Chanvra is the French word for Cannabis

Cannabis is a fiber crop that has been grown abundantly throughout agricultural history. Known as humanity's oldest agriculturally domesticated crop, Cannabis is perhaps the most versatile crop on the planet, and can be used to make Hemp for numerous applications ranging from construction, horticulture, textiles, paper making, industrial composites, food & medicine, and so much more.

Cannabis Bast Fiber

Bast Fibers are the outer layer of the cannabis stem, and historically were the most utilized part of the plant. During it's growing cycle, this outer layer of the stem acts as a vapor barrier, preventing excess moisture from entering the core of the plant. These natural moisture repelling properties are useful after the fibers have been harvested, and is the reason cannabis fibers have been the most highly utilized fiber throughout the history of mankind.  It is well known that the word canvas is actually derived from the  cannabis, because up until the 20th century, almost all sails and ropes for ships have been made with cannabis hemp bast fiber. Historically, most paper has also been made with hemp fiber (including the Declaration of Independence.) Clothing made from hemp bast fibers are renowned to this day for their strength and durability, as well as their ability to repel moisture. Today, cannabis bast fibers are being incorporated into many high-tech applications. including the automotive and renewable energy sectors.

Cannabis Core Fiber (Hemp Hurd)

Hemp hurd is the inner core of the Cannabis stem. As a highly absorbent material, hurd fibers function as the opposite of bast fibers. While bast fibers repel moisture, the inner core of the plant functions as a hyper absorbent. This proves to be an advantageous balance in the plant's growing cycle, and is one of the primary reasons for the resiliency of the Cannabis plant. This also works to our advantage when we utilize these materials. We can produce both moisture repellent and moisture absorbent materials from the same plant!

For most of history, core material has been more difficult to efficiently process than bast fibers. Recent advances in decortication technology, pioneered by the French company La Chanvriere De L'Aube, have made this valuable material more widely available, resulting in new breakthroughs.

Hemp Lime

One of the most far-reaching developments for hemp hurd is in the construction industry. Hemp hurd can be mixed with hydrated lime to produce Hemp Lime, or hempcrete, a highly insulative material that can be used to make walls, like concrete, and also insulate floors and ceilings. The breathable nature of a Hemp Lime wall system creates a healthy indoor environment that regulates humidity, temperature, and acoustics. Hemp Lime is one of the few natural building materials that can be scaled commercially.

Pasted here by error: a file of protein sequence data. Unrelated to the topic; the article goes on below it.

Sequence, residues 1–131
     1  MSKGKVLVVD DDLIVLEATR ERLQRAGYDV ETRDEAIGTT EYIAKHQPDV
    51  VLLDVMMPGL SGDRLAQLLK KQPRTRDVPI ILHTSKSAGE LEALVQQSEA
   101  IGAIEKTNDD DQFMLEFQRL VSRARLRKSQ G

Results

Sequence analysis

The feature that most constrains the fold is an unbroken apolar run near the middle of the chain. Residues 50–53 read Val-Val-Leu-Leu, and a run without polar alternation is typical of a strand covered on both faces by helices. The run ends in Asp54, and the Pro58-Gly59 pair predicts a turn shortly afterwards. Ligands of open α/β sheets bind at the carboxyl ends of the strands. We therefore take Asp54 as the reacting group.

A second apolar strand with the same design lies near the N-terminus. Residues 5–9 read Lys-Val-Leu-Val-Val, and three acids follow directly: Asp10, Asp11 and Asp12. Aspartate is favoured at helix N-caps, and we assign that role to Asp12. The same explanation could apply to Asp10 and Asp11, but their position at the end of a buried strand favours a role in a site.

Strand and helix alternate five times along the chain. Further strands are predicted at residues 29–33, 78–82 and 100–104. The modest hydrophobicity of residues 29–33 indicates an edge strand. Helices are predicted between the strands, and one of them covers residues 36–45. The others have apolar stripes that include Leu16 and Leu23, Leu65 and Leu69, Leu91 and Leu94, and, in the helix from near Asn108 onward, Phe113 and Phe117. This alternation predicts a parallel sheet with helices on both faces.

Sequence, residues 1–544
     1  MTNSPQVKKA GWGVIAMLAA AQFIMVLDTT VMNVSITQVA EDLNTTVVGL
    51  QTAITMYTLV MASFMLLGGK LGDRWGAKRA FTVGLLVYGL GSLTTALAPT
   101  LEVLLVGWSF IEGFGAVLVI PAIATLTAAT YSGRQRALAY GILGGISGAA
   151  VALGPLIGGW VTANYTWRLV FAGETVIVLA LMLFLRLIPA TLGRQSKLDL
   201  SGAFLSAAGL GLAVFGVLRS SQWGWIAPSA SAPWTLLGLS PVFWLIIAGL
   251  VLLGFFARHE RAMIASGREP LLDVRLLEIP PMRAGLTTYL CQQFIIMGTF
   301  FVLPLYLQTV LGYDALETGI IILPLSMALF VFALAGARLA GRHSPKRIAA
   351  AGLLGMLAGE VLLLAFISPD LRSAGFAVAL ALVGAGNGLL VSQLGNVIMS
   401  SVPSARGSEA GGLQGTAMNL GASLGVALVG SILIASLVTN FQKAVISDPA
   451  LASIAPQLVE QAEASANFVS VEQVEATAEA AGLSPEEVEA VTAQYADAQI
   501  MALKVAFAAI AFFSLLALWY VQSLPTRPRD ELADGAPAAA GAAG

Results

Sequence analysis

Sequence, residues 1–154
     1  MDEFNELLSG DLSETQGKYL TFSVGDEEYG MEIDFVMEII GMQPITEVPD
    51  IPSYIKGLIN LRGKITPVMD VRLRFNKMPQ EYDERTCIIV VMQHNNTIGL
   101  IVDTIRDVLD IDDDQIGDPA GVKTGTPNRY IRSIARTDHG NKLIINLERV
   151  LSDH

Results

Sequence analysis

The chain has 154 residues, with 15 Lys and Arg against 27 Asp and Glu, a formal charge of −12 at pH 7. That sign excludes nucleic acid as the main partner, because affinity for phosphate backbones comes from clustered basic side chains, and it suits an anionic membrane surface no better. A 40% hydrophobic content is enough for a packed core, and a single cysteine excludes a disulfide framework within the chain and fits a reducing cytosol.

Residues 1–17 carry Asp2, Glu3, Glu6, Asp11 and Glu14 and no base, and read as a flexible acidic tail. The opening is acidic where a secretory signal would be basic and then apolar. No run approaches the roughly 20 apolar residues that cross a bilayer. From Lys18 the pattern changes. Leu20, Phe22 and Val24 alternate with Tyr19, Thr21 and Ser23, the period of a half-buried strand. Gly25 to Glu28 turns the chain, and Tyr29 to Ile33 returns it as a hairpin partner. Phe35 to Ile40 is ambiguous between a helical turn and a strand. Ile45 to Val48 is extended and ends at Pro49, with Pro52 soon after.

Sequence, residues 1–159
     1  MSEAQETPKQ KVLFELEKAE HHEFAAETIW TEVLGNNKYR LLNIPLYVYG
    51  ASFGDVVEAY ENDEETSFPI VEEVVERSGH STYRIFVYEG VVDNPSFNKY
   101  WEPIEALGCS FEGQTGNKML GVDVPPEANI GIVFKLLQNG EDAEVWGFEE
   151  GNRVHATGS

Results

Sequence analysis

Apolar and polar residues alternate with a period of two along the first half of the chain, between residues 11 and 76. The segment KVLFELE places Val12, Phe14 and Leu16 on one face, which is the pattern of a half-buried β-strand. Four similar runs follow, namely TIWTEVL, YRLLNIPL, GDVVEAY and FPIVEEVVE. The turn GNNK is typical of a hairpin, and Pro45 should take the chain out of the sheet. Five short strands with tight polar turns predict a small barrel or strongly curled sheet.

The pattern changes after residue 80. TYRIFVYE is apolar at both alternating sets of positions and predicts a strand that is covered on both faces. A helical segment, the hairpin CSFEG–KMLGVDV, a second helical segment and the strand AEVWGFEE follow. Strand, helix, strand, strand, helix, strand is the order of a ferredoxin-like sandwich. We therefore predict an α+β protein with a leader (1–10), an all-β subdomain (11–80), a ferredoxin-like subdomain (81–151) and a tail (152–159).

Cannabis History

The earliest known materials made from Cannabis fiber date back to about 25,000 BC. After the agricultural revolution, cannabis became humanity's most widely utilized domesticated crop. Cannabis played a fundamental role in the American economy during its early years in the 18th & 19th centuries. Some laws actually required farmers to grow Cannabis. Both George Washington and Thomas Jefferson were outspoken proponents of cannabis cultivation. Mr. Jefferson in particular was instrumental in the development of machinery that could efficiently separate the bast fibers from the woody core (decortication). This was a technological breakthrough that should have launched a bioeconomic revolution, but the progression was interrupted. In the early 20th century, during the Great Depression and shortly after the creation of the Federal Reserve Bank, Cannabis cultivation was outlawed to make way for competing synthetic and oil based interests. This was a move that dramatically shaped the development of the American economy throughout the 20th century, allowing for the growth of a massive fossil fuel industry. Mr. Jefferson certainly would not have approved of this direction.

Fortunately, not all was lost. Though the progression of the American Cannabis industry was halted, France would continue its long-time tradition of farming hemp. French president Charles de Gaulle was one of the few world leaders to resist the Cannabis prohibition agenda being pushed by the synthetic and oil based interests after the war. This ultimately culminated in the pioneering work led by our farmers, who brought the virtues of hemp fibers to the modern world. Our farmers took the concept of Mr. Jefferson's decortication machinery to the next level, developing a whole new range of applications for hemp fibers, particularly hemp hurd for construction. We think of our farmers Giants, upon who's back we all stand, as the brightest hope for sustainable development.